Bombay High Court: No Divorce to a man on Grounds of Cruelty and Desertion against Wife

Akanksha Singh-

Bombay High Court refuses to grant the divorce to a 44-year-old engineer alleging cruelty and abandonment against his wife. This decision came after his wife refused to join him in India to divorce him.

It was observed that the decision of the wife to stay in Canada was that she had settled with the couple son’s, is not ‘unjustified’ or ‘selfish’.

Basically, in this case, the husband is claiming that his wife wants to settle in Canada along with their son and when the husband tried to visit Canada, his wife refused to meet him. He also stated that she didn’t even let him meet his son. 

He also claimed that the family of his wife had threatened him to return her passport, documents and jewellery. After that, the husband approached the Court for restitution of conjugal rights under Section 9 of the Hindu Marriage Act, 1955. Then he eventually filed for divorce as his wife didn’t appear in the earlier proceedings.

The Court represents the women’s resume, details of her thriving career with a pharmaceutical company in Canada to note that the husband may be reunited with his wife, especially since it was the idea of the husband to settle in Canada in the first place.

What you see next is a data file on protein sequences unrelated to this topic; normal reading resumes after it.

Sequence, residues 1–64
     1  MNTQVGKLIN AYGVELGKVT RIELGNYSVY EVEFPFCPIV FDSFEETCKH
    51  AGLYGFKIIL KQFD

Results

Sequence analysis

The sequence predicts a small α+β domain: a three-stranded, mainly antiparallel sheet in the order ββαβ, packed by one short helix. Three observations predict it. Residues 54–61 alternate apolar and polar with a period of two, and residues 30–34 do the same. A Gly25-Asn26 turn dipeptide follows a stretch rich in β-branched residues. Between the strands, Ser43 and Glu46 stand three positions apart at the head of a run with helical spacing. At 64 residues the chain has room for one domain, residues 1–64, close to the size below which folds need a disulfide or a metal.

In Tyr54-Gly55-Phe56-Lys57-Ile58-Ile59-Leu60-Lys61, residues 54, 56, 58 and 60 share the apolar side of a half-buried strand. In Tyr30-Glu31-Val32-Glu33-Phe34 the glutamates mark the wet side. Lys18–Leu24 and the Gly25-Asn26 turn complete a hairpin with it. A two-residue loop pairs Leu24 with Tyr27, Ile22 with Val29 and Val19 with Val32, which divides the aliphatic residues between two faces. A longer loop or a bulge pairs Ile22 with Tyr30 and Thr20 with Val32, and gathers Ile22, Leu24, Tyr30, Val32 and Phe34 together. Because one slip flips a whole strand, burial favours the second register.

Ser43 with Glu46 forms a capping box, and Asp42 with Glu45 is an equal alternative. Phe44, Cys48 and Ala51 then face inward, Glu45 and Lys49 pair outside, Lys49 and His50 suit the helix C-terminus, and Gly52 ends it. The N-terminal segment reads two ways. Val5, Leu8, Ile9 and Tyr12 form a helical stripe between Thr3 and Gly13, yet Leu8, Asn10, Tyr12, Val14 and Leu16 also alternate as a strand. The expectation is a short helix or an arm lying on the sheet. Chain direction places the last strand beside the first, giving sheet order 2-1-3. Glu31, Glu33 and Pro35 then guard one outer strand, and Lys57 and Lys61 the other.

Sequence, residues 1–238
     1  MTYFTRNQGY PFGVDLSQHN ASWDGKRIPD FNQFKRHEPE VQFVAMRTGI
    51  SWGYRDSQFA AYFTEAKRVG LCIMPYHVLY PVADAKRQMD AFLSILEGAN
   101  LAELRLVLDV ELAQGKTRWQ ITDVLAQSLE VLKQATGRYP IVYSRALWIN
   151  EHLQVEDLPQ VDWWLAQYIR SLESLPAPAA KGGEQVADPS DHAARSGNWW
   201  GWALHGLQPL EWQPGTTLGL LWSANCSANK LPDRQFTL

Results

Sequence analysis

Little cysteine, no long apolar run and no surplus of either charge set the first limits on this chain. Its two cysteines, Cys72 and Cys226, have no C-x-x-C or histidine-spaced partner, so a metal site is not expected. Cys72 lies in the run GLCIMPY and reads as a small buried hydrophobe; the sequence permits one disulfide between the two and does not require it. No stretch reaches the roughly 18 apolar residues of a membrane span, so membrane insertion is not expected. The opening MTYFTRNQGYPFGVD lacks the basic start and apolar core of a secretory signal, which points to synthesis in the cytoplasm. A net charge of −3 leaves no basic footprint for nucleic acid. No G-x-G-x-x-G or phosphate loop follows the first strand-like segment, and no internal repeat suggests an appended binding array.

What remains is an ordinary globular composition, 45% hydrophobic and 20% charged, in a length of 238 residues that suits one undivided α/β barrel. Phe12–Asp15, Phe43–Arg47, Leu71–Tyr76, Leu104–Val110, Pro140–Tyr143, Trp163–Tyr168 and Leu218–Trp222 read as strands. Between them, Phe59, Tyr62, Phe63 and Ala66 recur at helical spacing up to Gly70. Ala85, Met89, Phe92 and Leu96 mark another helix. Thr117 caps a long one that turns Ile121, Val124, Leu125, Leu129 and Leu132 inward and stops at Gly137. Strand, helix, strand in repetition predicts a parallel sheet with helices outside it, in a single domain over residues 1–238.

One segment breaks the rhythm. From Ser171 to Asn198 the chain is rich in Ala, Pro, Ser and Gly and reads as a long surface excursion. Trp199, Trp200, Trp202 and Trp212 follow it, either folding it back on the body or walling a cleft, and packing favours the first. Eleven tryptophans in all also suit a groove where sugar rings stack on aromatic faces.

Thus, a bench consisting of Justice Ujjwal Bhuyan and Prithviraj Chavan refused the appeal of the husband against the order of the Family Court dismissing his plea for divorce under section 13(1)(ia) i.e. cruelty and section 13(1)(ib) i.e. desertion of the Hindu Marriage Act, 1955.

“This being the status of the respondent (wife), it would not be justified, in any way, expecting her to return to this country when she is already well settled over there…The desire of the respondent(wife) to settle in Canada is actuated by the fact that it was the appellant (husband) who had first consciously decided to settle in the foreign country. As such, the wish of the respondent cannot be branded as an act of selfishness or the act on her part cannot be said to be unjustified. Thus, in no way, it could be said to be cruelty meted out to the appellant by the deserting spouse,” – said the bench.

It was further noted by the bench that the husband failed to provide any medical certificates to ratify his claims when he cited his ill health for not joining his wife back in Canada.

The final judgment cited by the Court was of Samar Ghosh Vs. Jaya Ghosh, to observe that the couple’s relationship hadn’t deteriorated to such an extent that it would be impossible for them to unite.

Thus, the bench held that the marriage of the couple has not reached such a bad state that it is beyond repair, especially since their son is still young and there may be a bond between the couple to reunite once again. 

Related Post